2.2. Bacterial Strains and Cell Lysate Preparation
Wilkins-Chalgren agar (Oxoid, UK) was used to culture B. adolescentis DSM 20083 (ATCC 15703) and DSM 20086 (ATCC 15705) and B. longum DSM 20088 (ATCC 15697). Man-Rogosa-Sharpe agar (Oxoid, UK) was used to culture L. rhamnosus GG. Wilkins-Chalgren agar plates were incubated in an anaerobic cabinet (Concept, UK; with gas mixture of 5% CO2, 5% H2, and 90% N2) and Man-Rogosa-Sharpe agar in a microaerobic environment (Joan, France) with a gas mixture of 10% CO2 for 48 h.
Bacterial cells were collected, suspended in phosphate-buffered saline solution (PBS, pH = 7.4), and washed 3 times with the same buffer. Subsequently, cells were disrupted with 0.1 mm glass beads (Biospec Products, USA) in PBS in the presence of complete protease inhibitors (Boehringen Mannheim-Roche, Switzerland) on ice. The total protein concentration in lysates was determined using the Protein Assay solution (Bio-Rad, USA) using bovine serum albumin as a standard and kept in aliquots at −20°C until used.
2.3. Gradient Sodium Dodecyl Sulphate Polyacrylamide Gel Electrophoresis (SDS-PAGE) and 1D Immunoblotting
Equal amounts of proteins from different Bifidobacteria spp. preparations were mixed with 300 μL SDS-PAGE sample buffer and heated for 15 min at 95°C. To each gel approximately 100 μg of protein was loaded.
The proteins in the bacterial cell lysate were loaded on a 5–20% gradient gel with a 5% concentrating gel with All Blue 10–250 kDa molecular weight (MW) markers (Bio-Rad, USA) as standards and separated by electrophoresis using a current of 40 mA and a voltage of 200 V for 6 h using a vertical electrophoresis system SE-600 (Hoefer, USA) connected to a thermostatic circulator. Separated proteins were transferred onto a polyvinylidene difluoride (PVDF) membrane (0.45 μm pore size) using a semidry electroblotter (Hoefer, USA) at a current density of 1 mA/cm2 for 1.5 h and membranes blocked as described by Nilsson et al. .
Five mm wide strips were cut from the membrane and incubated with plasma samples diluted to 1 : 50 for IgA and IgM and 1 : 100 for IgG in the incubating buffer  overnight at 4°C. Strips were then incubated with either secondary anti-human IgA, anti-human IgM, or anti-human IgG antibodies labelled with horse-radish peroxidase (HRP) (diluted 1 : 500; Dako, Denmark) for 1 h and subsequently developed in substrate solution comprised of 0.04% carbazole in 50 mM sodium acetate buffer (pH = 5.0) and hydrogen peroxide (0.015%) for 30 min at room temperature. All serum samples were screened in similar fashion. The strips were scanned using a Bio-Rad GS-710 Imaging densitometer (Bio-Rad, USA). The relative MW of the bands was estimated with the Bio-Rad Quantity One image analysis software (Bio-Rad, USA) according to the All Blue molecular weight markers.
2.4. Statistical Analysis
The F-test was used to compare the frequency of antibodies in the two groups. values below 0.05 were considered statistically significant.
3.1. IgG Antibody Reactivity to L. rhamnosus GG Proteins
We first analyzed the dynamics of IgG antibodies that developed against L. rhamnosus GG target antigens in children between 3 and 24 months of age. This approach was chosen due to the frequent consumption of the probiotic L. rhamnosus GG-containing dairy products by children and adults in Finland. We discovered 25 clearly distinguishable L. rhamnosus GG antigenic proteins ranging between 11 and 86 kDa (Table 1). The number of L. rhamnosus GG proteins recognized by IgG increased steadily with age. Table 2 describes the 9 most frequently reactive proteins. Children between the ages of 12 and 24 months presented with significantly more antibodies against 5/9 (31, 42, 45, 47, and 49 kDa proteins) selected highly reactive proteins compared to reactivity observed in 3-month-old infants. However, no significant differences in IgG reactivity were observed in response to L. rhamnosus GG antigens between IA-positive and IA-negative children.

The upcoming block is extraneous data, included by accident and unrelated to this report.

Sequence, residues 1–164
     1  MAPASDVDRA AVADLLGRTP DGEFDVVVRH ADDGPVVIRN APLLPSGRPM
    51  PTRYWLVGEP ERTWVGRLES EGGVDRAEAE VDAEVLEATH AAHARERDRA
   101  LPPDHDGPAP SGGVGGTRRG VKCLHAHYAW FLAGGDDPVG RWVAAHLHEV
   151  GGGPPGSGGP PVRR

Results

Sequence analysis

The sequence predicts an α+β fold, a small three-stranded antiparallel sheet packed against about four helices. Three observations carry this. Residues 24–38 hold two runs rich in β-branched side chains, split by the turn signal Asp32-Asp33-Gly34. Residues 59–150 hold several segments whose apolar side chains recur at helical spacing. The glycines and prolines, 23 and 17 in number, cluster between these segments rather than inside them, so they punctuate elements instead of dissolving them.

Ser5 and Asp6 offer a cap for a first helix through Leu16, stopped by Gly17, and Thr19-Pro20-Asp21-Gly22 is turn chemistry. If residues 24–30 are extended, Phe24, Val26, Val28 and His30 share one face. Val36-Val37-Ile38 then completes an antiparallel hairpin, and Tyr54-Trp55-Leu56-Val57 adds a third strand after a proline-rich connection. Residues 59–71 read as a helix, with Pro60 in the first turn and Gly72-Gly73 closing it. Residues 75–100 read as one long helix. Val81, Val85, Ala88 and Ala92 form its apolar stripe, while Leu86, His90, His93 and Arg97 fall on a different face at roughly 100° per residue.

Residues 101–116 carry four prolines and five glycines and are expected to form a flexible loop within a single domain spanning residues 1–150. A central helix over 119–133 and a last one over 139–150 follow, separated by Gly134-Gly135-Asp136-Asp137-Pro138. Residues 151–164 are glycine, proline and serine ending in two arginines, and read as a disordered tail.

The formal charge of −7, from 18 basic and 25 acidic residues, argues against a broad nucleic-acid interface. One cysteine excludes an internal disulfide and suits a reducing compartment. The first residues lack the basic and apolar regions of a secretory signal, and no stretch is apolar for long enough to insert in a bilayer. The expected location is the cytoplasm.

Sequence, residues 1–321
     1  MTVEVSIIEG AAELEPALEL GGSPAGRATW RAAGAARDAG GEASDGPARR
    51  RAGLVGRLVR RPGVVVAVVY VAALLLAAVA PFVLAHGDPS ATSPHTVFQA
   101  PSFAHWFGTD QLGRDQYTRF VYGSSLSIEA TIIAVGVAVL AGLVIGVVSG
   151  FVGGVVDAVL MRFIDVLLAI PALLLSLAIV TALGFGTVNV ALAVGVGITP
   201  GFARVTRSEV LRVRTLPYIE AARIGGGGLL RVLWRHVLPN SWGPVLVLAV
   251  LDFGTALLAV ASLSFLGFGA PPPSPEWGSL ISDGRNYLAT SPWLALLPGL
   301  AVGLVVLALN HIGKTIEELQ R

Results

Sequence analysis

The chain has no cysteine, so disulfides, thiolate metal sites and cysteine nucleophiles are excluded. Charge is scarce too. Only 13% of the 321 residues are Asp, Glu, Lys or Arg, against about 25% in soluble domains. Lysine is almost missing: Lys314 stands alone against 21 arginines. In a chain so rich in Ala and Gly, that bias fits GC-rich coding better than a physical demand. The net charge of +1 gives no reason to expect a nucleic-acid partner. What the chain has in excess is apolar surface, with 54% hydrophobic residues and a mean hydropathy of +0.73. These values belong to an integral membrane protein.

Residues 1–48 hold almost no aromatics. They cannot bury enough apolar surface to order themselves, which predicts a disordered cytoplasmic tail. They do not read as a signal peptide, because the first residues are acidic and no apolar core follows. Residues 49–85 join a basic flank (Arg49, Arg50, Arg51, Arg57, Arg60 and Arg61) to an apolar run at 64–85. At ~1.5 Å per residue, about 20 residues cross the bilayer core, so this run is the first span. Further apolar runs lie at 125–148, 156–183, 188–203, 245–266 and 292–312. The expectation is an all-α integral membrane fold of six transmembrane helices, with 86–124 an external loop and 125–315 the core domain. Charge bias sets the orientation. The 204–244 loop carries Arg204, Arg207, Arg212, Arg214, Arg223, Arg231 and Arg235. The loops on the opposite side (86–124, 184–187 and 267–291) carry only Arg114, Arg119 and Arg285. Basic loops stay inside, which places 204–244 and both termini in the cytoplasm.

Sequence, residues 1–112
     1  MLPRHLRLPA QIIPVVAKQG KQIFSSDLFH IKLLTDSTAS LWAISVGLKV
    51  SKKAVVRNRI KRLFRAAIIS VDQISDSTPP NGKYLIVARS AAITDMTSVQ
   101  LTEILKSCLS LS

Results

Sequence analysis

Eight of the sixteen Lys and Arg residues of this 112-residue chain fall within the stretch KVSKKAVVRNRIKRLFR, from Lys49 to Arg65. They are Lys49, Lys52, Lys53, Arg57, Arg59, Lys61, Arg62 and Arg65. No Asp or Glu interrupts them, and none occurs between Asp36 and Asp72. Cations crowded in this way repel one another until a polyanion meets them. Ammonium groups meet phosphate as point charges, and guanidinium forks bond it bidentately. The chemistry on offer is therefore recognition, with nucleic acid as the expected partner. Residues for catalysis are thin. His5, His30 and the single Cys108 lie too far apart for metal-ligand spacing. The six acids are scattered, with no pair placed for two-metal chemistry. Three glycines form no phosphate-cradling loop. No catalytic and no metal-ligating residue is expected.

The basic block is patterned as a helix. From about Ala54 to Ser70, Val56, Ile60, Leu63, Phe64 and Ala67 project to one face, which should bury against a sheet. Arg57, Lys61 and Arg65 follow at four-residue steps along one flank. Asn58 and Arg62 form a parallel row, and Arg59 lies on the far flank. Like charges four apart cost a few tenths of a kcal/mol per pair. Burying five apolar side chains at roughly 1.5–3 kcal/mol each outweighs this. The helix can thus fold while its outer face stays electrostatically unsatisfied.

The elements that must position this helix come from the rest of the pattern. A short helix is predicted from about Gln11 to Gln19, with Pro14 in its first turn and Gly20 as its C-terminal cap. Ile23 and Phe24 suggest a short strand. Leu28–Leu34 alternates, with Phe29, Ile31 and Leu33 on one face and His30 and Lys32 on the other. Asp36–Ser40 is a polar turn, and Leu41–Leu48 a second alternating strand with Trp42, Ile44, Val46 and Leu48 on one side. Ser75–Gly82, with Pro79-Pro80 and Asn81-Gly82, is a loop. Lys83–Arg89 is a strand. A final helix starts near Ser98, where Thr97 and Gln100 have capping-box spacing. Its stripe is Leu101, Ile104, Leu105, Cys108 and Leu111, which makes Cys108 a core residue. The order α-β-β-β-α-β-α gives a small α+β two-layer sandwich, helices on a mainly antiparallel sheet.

The average number of IgG-reactive L. rhamnosus GG protein bands was in IA-positive infants (between 5 and 17 bands) and in IA-negative children (between 5 and 20 bands) at 12 months of age. Based on these results the 12-month-old group was chosen for further analysis of immune reactivity against Bifidobacterium spp. antigens.
3.2. IgG Reactivity against B. adolescentis and B. longum Proteins
IgG bound to Bifidobacterium antigens in the molecular weight ranging from 7 kDa to 131 kDa. The number of proteins recognized varied between strains with the greatest number of reactive antigens observed for B. longum DSM 20088 (; Table 1). The average number of IgG-reactive proteins in assays with B. adolescentis DSM 20083, B. adolescentis DSM 20086, and B. longum DSM 20088 strains was not significantly different between IA-positive children and IA-negative subjects (Figures 1–3).
3.3. IgA Reactivity against B. adolescentis and B. longum Proteins
IgA bound to protein antigens in the molecular weight ranging from 7 kDa to 104 kDa (Table 1). Similar to the IgG antibody results, more B. longum DSM 20088 proteins were recognized by IgA than any other tested bacteria. The average number of B. adolescentis DSM 20083 proteins bound by IgA was lower than the number of proteins bound from other strains. There was a significant difference in the number of proteins reactive to antibodies between the 2 groups of children: reactive protein bands in IA-positive infants and reactive protein bands in IA-negative children (; Figure 1). Also in tests with Bifidobacterium strains the average number of reacting antigenic proteins tended to be at a higher frequency in the IA-positive group compared to the IA-negative group (Figures 2 and 3).
3.4. IgM Reactivity to B. adolescentis Proteins
IgM bound to bacterial proteins in the molecular weight ranging from 13 kDa to 84 kDa. The average number of IgM reacting protein bands in both assays either with B. adolescentis DSM 20083 or with B. adolescentis DSM 20086 was higher in IA-positive than in IA-negative infants, but this difference was not statistically significant ( and , resp.; Figures 1 and 2).